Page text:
I think what Paul has in mind here is, because we’re proud people, we don’t really like to receive charity. The newspapers tell us there are people out there who are perfectly capable of working but choose to just live off benefits instead. All they do is take, take, take. And we would hate the idea that anyone could think of us in that category. We’ve worked to earn our living. We’ve contributed to society. We’re not freeloaders.
And we carry that mind-set into our religion.
We know we can’t obey the law to God’s standard of righteousness. We’ve all fallen short of the glory of God, so we know we need Christ to make up for our shortfall, but we don’t like the idea that all we do is take, take, take from God, so we want to do something to at least reduce our debt of unrighteousness a little bit.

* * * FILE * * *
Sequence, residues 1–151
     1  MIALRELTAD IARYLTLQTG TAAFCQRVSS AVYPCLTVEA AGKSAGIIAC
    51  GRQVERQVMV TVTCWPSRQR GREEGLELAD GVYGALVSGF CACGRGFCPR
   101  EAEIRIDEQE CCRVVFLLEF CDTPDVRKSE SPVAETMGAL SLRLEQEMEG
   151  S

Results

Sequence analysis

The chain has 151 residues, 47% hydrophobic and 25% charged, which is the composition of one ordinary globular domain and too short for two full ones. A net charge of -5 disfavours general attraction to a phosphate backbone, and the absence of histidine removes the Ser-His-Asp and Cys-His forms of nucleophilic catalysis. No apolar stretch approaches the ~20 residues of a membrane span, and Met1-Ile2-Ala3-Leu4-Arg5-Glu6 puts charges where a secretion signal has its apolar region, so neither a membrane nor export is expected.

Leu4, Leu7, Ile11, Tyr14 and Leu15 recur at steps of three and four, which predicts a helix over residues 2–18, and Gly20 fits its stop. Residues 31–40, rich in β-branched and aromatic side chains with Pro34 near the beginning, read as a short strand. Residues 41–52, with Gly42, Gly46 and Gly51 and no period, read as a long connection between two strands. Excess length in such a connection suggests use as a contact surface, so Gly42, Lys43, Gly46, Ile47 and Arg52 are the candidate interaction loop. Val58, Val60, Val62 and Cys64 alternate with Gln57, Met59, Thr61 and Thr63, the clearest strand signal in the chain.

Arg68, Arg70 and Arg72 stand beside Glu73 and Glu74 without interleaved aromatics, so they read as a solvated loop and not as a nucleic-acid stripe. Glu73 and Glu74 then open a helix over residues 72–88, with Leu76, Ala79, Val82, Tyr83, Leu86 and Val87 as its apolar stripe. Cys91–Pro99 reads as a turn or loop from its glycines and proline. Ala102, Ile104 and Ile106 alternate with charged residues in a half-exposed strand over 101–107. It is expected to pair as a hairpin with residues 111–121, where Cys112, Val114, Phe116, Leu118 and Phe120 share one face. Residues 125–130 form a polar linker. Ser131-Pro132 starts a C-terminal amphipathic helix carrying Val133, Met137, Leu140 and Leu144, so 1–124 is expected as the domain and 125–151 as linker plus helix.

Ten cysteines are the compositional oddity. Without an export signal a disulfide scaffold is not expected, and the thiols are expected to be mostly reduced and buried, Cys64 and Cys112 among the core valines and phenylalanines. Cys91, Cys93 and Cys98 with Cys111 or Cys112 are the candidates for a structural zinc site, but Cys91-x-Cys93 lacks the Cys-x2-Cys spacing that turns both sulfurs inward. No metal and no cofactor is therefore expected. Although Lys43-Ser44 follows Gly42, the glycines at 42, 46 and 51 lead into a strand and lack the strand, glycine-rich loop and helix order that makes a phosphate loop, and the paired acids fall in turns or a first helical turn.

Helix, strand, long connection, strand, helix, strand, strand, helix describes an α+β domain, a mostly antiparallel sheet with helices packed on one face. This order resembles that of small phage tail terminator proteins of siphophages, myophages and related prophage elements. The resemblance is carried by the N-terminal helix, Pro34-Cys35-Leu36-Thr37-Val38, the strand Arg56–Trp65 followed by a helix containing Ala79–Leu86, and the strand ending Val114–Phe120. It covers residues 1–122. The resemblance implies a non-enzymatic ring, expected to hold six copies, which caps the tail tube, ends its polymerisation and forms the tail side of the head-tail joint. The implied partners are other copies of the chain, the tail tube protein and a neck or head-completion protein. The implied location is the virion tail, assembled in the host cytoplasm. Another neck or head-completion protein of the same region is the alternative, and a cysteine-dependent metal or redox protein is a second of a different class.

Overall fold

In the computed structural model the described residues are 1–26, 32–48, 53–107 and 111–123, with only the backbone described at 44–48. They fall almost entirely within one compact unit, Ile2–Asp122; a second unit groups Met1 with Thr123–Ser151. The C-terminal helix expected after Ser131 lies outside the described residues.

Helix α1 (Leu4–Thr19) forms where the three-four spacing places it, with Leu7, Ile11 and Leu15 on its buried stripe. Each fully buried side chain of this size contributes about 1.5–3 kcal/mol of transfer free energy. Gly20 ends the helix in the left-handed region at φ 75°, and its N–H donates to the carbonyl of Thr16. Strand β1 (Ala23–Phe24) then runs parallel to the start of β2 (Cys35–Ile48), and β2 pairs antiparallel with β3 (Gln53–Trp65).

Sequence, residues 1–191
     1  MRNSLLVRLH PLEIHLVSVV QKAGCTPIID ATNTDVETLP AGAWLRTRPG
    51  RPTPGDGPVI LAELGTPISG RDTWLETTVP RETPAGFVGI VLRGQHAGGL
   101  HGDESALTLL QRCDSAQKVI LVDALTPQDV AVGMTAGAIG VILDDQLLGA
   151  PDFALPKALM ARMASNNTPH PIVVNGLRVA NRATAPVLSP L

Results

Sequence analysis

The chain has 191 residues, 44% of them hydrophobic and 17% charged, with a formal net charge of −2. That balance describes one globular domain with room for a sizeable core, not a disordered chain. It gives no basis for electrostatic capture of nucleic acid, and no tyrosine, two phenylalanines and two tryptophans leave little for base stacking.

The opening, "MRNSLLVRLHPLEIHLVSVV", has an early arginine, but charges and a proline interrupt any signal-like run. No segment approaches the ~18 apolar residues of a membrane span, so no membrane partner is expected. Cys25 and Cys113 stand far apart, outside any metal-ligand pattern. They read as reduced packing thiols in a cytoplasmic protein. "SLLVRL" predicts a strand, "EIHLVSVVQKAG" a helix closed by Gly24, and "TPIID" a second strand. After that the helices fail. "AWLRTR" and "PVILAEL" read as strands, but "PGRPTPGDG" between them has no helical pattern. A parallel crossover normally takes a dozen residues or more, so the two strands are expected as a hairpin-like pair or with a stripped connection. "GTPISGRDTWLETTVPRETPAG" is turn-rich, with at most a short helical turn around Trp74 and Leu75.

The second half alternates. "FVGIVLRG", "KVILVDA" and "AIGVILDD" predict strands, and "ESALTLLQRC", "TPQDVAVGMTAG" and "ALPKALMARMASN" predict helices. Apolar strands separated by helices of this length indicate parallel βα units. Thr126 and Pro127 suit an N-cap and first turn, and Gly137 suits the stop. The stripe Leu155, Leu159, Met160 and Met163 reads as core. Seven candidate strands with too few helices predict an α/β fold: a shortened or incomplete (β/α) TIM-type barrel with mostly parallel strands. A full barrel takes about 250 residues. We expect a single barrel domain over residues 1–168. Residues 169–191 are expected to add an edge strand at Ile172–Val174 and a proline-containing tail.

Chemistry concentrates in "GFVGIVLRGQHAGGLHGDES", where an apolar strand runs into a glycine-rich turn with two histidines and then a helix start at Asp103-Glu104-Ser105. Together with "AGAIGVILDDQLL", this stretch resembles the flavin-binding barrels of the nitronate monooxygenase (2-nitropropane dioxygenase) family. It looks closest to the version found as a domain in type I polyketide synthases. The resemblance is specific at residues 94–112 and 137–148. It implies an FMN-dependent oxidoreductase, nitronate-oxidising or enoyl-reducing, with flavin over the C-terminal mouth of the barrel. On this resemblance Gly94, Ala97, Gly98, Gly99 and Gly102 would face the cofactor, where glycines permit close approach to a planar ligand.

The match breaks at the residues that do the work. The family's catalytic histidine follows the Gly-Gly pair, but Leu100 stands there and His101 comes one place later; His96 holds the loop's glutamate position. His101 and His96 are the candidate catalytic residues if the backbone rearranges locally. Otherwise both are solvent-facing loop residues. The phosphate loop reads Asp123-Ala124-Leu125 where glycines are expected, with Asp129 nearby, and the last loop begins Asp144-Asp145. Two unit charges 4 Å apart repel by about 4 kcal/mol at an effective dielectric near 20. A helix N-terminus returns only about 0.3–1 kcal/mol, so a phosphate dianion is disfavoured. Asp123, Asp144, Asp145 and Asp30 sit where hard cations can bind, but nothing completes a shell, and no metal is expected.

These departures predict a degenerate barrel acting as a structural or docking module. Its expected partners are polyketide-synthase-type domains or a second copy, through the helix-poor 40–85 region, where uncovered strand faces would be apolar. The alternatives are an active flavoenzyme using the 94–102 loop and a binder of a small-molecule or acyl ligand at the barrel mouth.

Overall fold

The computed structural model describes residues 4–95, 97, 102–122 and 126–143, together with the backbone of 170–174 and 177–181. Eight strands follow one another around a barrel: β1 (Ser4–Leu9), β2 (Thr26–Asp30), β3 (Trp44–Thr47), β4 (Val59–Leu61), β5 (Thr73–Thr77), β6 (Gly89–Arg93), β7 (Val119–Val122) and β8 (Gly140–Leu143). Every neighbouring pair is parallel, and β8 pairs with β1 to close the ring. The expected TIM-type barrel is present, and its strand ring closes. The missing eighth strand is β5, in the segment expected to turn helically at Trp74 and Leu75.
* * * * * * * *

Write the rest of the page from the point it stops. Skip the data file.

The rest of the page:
The trouble is, in order to do that, we have to act as if we can produce some righteousness of our own, through obedience to the law.
And there are several problems with that.
Firstly, if we could have made ourselves righteous through the law, there would’ve been no point in Jesus dying for us (“if righteousness were through the law, then Christ died for no purpose”). Why would you send your son to die, if instead you could’ve just given people advice on how to obey the law better so they could make themselves righteous?
Secondly, if righteousness was achievable through the law, then God’s grace is worthless (“I do not nullify the grace of God”). For us to be able to think we’re making ourselves righteous by obeying the law, we have to reduce the law to something we can do. And when we reduce our view of the law, we reduce our view of our sin – how far we fall short of obedience to the law. And when we reduce our view of our sin, we don’t see the value of God’s grace. Romans 5v20: “the law came in to increase the trespass, but where sin increased, grace abounded all the more…”
When we understand the law properly, it will wipe out all hope of making ourselves righteous by obeying it, and that will lead us to realise more and more the value of God’s grace. It will magnify God’s grace, rather than nullifying it.